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New survey findings released by global hygiene company SCA reveal that Americans are surprisingly concerned about hygiene issues. In fact, more than one-third of Americans (39 percent) worry about becoming ill due to poor hygiene and a majority (56 percent) have avoided places or activities outright due to concerns about hygiene.
Nearly half of all Americans (48 percent) realize that personal responsibility is the first key to improving hygiene standards, which starts with good hand hygiene such as regular handwashing. While more than 80 percent of Americans think they wash their hands enough, nearly as many (76 percent) think that others do not. Interestingly, American women wash their hands more often than American men. Women claim to wash their hands about 10 times per day compared to seven times per day on average for men.
SCA released these survey findings in recognition of Global Handwashing Day on October 15, a day dedicated to increasing awareness of the importance of handwashing as a simple and effective way to prevent diseases. The findings are part of a global survey SCA conducted in conjunction with its 2016-17 Hygiene Matters Report last month. Through the global survey and report, SCA seeks to raise awareness of the connection between hygiene, health and wellbeing around the world.
"In developed countries like the US, concerns about hygiene are often overlooked or underestimated because of the many resources and public services at our disposal, but hygiene challenges persist," said Amy Bellcourt, vice president of communications for SCA. "At SCA, we're committed to raising awareness around proper hygiene standards and practices worldwide, and we know that increased education and communication around hygiene issues, such as the importance of proper handwashing, not only encourages people to live healthier lives but reduces the spread of disease and illness."
Surprisingly, a number of Americans struggle with basic hygiene due to lack of resources and understanding. For example:
•26 percent say they don't have enough knowledge to care for their personal hygiene to stay healthy.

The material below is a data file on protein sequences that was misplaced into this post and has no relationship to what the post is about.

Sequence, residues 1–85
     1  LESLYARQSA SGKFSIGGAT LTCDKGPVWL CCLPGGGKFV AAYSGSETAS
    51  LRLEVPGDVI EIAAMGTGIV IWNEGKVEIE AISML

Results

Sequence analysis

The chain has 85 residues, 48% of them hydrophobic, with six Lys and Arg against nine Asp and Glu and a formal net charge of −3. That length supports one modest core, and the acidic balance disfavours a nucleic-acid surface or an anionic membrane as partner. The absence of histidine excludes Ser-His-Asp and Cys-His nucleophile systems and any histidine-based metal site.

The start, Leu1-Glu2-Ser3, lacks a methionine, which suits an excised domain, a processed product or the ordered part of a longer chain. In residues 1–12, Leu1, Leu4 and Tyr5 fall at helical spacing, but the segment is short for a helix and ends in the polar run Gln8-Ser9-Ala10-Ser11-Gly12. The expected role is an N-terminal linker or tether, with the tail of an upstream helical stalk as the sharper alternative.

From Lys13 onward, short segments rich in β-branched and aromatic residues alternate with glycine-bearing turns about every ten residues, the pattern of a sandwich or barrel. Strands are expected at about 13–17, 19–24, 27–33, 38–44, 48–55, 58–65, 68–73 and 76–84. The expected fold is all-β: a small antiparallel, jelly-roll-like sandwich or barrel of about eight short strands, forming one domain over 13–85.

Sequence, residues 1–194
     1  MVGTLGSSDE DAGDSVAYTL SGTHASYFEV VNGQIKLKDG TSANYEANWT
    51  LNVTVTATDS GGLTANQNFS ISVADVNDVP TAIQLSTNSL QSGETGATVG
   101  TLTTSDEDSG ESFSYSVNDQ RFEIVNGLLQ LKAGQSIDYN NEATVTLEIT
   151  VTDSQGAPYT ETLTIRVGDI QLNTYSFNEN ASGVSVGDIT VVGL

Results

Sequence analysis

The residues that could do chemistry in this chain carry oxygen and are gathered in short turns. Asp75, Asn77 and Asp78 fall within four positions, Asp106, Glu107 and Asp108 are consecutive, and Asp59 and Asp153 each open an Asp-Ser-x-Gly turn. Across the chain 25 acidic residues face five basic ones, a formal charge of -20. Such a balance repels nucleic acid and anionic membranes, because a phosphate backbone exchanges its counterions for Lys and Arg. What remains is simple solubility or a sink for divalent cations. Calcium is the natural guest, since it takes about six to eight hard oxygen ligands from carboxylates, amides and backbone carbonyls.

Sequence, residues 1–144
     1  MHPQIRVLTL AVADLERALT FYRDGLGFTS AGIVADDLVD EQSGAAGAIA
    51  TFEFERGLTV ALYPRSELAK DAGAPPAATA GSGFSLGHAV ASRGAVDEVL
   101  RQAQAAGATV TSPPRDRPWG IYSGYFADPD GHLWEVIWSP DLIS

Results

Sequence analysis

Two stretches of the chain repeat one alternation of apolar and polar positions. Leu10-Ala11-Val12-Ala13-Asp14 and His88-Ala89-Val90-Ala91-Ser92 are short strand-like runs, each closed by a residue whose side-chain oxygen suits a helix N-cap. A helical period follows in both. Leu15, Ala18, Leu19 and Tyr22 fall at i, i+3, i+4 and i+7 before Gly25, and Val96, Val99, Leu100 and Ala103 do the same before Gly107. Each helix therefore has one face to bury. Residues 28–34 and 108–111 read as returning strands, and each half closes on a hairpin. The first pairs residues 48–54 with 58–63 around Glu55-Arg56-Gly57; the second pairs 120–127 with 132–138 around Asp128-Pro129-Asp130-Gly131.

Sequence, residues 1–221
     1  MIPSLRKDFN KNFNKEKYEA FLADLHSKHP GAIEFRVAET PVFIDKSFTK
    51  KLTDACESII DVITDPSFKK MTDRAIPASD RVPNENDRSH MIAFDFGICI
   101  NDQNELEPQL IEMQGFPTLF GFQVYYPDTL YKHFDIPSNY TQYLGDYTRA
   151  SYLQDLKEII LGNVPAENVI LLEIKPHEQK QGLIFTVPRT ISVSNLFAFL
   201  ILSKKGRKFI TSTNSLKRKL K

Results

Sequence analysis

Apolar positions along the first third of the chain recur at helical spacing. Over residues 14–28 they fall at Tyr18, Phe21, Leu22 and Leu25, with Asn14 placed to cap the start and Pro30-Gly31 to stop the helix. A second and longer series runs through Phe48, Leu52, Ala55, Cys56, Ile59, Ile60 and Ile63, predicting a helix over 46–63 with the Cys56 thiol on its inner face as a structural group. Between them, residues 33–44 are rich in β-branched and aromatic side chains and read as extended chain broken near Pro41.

•24 percent say they can't take care of personal hygiene due to how and where they live.
•31 percent say they feel embarrassed or uncomfortable in social situations because of their personal hygiene.
•46 percent believe US politicians and decision makers need to place a higher priority on national hygiene issues.
SCA has a long tradition of working in the communities in which it operates to raise awareness for hygiene issues and educate people of all ages on proper hand hygiene practices to prevent the spread of infection. In Philadelphia, SCA's North American headquarters, the company is working with area schools such as Our Mother of Consolation School in Chestnut Hill, to expand its education efforts on hand hygiene, using interactive demonstrations and apps and games.
The 2016 Global Hygiene Matters survey was conducted between May 31 and June 13, 2016 through web panels in 12 different countries, collecting answers from a total of 12,000 male and female respondents, ages 16 and up. National quotas have been used to obtain accurate representation of age and gender. Questions in the 2016 survey centered on hygiene taboos and stereotypes, hygiene at home, public hygiene, personal hygiene and menstruation, and active life. The survey has been planned, monitored and analyzed by United Minds and the data has been collected through digital questionnaires with the assistance of survey provider CINT.